The role social cues play in mediating the effect of eWOM over purchasing intentions: An exploratory analysis among university students.

Tsahi Hayat, Arnon Hershkovitz

Research output: Contribution to journalArticlepeer-review

Abstract

Electronic word-of-mouth (eWOM) has long been recognised as a central factor swaying consumer purchasing intention. Previous studies that looked at the interplay between eWOM and purchasing intention have highlighted the role that perceived credibility of eWOM plays in mediating the effect of consumer-generated content and purchase intentions of consumers. In this study, we explore how the level of diversity among users generating eWOM about a product or service affects the recipient's credibility perception regarding that piece of information, and as a result, how this perceived credibility affects the recipient's purchasing intentions. We utilised a between-subjects design, in which the participants (N = 115 undergraduate students) were divided into control and experiment groups. The Twitter network of each participant was collected and analysed in advance (through the Twitter API). Based on this analysis, participants in both the experimental and control groups were shown the same fictitious tweet (endorsing a new cell phone data plan) that was presumably retweeted by people with whom they had active ties. In the experimental group, three people from different social clusters were presented as re-tweeting the content; and in the control group three people from the same social cluster were presented as re-tweeting the content. We showed how social diversity among people generating eWOM can enhance the perceived credibility of the shared content. We then showed that credibility mediates the effect of social diversity over purchasing intentions. The relevancy of these results is discussed.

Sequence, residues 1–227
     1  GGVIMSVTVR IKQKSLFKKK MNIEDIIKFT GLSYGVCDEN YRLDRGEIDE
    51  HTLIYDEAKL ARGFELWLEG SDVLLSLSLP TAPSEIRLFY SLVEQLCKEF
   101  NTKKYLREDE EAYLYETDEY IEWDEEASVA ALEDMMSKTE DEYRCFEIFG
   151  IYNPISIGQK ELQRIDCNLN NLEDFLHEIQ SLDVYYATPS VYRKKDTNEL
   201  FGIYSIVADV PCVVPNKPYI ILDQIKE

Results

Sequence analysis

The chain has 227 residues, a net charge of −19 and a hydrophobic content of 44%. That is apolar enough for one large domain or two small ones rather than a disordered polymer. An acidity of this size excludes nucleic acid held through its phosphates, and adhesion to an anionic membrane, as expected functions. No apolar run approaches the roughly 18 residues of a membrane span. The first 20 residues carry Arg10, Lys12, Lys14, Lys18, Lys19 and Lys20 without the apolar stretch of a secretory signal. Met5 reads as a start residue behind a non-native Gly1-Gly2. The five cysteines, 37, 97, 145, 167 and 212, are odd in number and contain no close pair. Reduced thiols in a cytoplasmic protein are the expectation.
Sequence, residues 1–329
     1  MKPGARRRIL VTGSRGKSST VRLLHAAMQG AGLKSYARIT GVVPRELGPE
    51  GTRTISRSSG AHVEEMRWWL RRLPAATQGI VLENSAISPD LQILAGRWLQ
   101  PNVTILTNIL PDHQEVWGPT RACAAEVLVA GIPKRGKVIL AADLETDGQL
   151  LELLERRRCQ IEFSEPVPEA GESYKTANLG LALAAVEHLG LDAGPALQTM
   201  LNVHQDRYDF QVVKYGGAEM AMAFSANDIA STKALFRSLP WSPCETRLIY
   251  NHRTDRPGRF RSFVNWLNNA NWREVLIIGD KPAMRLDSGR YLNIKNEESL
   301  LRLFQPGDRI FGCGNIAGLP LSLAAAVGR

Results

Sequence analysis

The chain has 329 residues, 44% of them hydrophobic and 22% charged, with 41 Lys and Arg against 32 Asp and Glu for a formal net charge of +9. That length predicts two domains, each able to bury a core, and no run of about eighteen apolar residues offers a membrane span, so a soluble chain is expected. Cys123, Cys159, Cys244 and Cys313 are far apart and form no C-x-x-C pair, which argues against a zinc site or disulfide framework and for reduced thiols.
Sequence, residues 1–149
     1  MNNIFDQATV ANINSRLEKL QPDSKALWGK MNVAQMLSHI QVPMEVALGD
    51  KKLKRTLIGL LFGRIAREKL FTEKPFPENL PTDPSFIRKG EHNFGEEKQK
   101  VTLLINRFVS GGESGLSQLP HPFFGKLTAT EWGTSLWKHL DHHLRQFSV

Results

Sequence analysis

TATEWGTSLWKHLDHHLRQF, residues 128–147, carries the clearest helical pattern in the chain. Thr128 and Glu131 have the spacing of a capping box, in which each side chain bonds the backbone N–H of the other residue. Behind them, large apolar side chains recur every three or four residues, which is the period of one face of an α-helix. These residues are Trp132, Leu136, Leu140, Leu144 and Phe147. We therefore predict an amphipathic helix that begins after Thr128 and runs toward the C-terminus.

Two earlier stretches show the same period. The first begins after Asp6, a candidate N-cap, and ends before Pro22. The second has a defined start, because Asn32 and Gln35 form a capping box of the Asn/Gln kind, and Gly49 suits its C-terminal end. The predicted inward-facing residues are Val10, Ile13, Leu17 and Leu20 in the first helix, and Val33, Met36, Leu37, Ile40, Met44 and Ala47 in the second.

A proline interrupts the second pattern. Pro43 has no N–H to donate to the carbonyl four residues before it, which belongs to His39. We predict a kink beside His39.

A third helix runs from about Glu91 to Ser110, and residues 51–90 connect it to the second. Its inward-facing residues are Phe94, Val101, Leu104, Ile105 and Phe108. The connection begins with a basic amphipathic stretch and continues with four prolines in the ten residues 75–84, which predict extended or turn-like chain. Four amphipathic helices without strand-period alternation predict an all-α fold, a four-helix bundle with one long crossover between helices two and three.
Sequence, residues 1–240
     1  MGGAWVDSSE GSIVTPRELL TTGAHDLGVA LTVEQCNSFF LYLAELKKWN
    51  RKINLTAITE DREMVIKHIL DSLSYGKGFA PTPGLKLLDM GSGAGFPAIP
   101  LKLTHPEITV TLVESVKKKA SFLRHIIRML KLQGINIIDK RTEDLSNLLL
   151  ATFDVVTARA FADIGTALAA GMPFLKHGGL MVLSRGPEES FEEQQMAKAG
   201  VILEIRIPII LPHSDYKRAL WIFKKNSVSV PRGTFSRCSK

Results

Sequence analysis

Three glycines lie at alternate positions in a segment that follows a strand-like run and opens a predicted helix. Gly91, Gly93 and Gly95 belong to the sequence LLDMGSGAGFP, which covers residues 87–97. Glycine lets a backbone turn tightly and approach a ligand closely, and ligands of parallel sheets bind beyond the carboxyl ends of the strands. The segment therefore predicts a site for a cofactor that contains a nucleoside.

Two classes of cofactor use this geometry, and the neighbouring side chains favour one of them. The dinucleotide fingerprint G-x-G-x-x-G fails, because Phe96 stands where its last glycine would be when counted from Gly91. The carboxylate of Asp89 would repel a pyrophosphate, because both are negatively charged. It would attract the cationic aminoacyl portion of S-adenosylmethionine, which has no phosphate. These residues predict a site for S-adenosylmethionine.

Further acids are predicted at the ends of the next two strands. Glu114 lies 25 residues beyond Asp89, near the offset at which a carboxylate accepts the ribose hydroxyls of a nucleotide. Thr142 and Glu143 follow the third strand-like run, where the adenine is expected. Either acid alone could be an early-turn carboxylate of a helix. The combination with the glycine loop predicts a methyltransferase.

Original languageEnglish
Pages (from-to)173-187
Number of pages15
JournalJournal of Customer Behaviour
Volume17
Issue number3
DOIs
StatePublished - 1 Sep 2018

Keywords

  • Credibility
  • eWOM
  • Exploratory study
  • Purchasing intentions
  • Social network analysis
  • University students

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